Meat of the Matter: The Trust Factor

A disturbing new update to an annual survey that measures how much trust people have in government, business and institutions quantifies what most of us already recognize.

Due to a confluence of events, majorities of consumers in the United States and in many other countries are now “distrusters,” people who no longer believe in the institutions and governing structures of society.

According to the 2017 Edelman Trust Barometer, a majority of citizens in two-thirds of the 28 countries surveyed by Edelman, which calls itself “a global communications marketing firm,” have lost faith that business, government, media and even NGOs serve their interests.

In a commentary leading off the firm’s most recent report, Richard Edelman, the president and CEO, wrote that this “profound crisis in trust” began with the Great Recession of 2008-09, and has been exacerbated by the triple threat of globalization, outsourcing and automation. People no longer feel secure about their economic futures, and no longer believe government is effectively addressing those issues.

None of that is a huge surprise, and along with widespread distrust of the public sector, consumers aren’t very sanguine about the business community, either.

Here’s how Edelman assesses a possible reversal of their erosion of trust: “Institutions must move beyond their traditional roles of business as actor and innovator; governments as referee and regulator; media as watchdog; and NGOs as social conscience,” he wrote. “The onus is now on business, the one institution that retains some trust with those skeptical about the system, to prove that it is possible to act in the interest of shareholders and society alike. Free markets can succeed if business works with the people, not just sells to them.”

The Impact of Digital Technology

That is a provocative take on what is easily the most profound crisis affecting Western democracies. Where does that process begin? One promising initiative involves transparency and restoration of trust in the food production system.

There is opportunity in convincing consumers that they can actually believe in labeling claims that promise nutritional and socio-political benefits when branded products are purchased. And to follow Edelman’s logic, the impetus for such efforts needs to originate from the industries themselves, not from top-down regulations promulgated by government officials and politicians who carry little credibility with the public.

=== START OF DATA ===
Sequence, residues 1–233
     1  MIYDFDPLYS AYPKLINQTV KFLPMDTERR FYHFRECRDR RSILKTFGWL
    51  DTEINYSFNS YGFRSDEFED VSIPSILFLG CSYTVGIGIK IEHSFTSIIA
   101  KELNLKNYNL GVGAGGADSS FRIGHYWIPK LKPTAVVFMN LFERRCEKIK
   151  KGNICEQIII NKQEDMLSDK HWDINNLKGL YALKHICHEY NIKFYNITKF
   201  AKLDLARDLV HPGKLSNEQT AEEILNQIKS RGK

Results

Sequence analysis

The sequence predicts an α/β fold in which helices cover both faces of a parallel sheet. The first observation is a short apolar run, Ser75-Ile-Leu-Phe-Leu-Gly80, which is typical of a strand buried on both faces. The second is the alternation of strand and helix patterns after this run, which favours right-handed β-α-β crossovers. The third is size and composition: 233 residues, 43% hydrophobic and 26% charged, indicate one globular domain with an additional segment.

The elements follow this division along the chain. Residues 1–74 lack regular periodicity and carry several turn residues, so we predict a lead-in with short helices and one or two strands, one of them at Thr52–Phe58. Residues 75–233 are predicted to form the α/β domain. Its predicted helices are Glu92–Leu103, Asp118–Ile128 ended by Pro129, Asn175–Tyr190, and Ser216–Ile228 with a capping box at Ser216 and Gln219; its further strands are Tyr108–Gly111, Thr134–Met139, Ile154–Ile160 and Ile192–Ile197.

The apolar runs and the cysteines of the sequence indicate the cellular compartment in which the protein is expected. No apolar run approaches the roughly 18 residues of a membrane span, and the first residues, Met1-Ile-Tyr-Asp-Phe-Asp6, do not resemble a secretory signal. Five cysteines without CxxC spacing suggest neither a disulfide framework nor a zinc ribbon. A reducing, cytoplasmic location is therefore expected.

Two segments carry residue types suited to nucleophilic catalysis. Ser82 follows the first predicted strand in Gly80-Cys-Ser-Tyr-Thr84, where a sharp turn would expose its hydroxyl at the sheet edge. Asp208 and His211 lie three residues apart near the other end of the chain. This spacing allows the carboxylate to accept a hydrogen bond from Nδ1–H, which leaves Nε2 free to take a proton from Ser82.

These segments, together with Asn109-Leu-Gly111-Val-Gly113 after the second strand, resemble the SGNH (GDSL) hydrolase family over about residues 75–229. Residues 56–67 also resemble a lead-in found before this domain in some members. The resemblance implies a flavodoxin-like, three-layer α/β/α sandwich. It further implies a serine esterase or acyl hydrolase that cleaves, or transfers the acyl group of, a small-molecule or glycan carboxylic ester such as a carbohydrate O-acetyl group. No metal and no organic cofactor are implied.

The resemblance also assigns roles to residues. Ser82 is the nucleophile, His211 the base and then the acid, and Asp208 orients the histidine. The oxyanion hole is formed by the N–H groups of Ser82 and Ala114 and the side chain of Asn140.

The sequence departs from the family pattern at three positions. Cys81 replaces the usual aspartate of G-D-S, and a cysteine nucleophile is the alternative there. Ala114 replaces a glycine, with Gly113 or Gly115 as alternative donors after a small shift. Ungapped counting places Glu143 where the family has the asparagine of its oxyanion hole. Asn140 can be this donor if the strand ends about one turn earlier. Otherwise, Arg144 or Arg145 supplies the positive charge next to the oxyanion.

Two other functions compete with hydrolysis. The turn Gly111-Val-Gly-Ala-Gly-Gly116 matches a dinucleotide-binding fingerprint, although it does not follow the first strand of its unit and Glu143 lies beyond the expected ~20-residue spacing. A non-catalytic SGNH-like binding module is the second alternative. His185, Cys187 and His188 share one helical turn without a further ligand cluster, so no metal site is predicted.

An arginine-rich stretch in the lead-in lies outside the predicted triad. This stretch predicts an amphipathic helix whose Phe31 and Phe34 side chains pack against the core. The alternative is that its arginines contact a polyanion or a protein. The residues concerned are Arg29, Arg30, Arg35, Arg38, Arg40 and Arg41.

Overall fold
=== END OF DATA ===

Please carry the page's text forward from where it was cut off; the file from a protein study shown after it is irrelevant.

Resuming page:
To that end, a small group of producers, organized as the Arkansas-based Grass Roots Farmers’ Cooperative, is employing blockchain technology to trace its meat products from farm to fork.

According to a news release about the program, “Blockchain technology allows for public verification of information in the food chain. Shoppers and diners will be able to scan QR codes on Grass Roots products to learn where the meat came from and how the animals were raised.”

That so-called “digital history” will also include stories about the people involved, producers, farmers and butchers, who contributed to portioning and processing the final product.

Cody Hopkins, Grass Roots GM and founding member, noted that the substantial majorities of consumers who distrust the business sector’s honesty and credibility are equally adamant that they want more and better information about what’s in their food and how it’s produced.

“I totally believe it,” Hopkins said. “When I learned about this [blockchain] technology, I thought, ‘This is the solution.’ It’s the perfect way for Grass Roots to offer folks total transparency [and] levels the playing field for small-scale farmers.”

The technology Grass Roots is using was developed by the UK company Provenance, which markets platforms that allow manufacturers and marketers to capture the origins and histories of products, connect that digital information to physical packages, and embed it online.

San Francisco-based Golden Gate Meat Company is launching a trial of Grass Roots’ new technology that will give shoppers the opportunity to scan the products in stores with their smartphones. At the same time, Grass Roots meats are being marketed online directly to consumers.

While some might disagree with the implications about “conventional” production, Grass Roots is straightforward about its philosophy, noting on its website that “All cattle, sheep, hogs, chickens and turkeys are raised outdoors on pastures that mimic their natural habitats.”

That’s a powerful message that articulates a consumer – not business – benefit.

And the co-op emphasizes its ownership by “small-scale farmers” who can deliver meats “straight from our farms to your front door.”

The industry knows that stories sell products, that smaller is more appealing than bigger for food producers, and that the closer to Nature marketers can position their products, the more consumers tend to accept their claims about quality, nutrition and environmental consciousness.

The challenge is to do so with credibility.

One small co-op can’t undo the damage that so many corporate entities concerned solely with bottom line profitability have inflicted on public perceptions of farmers, ranchers and producers, even when the issues that upset people occur downstream of animal agriculture in the processing and marketing sectors.

But the Grass Roots co-op appears poised to leverage new technology to go beyond label statements and offer consumers something that is in critically short supply: Information you can trust.

Editor’s Note: The opinions in this commentary are those of Dan Murphy, a veteran journalist and commentator.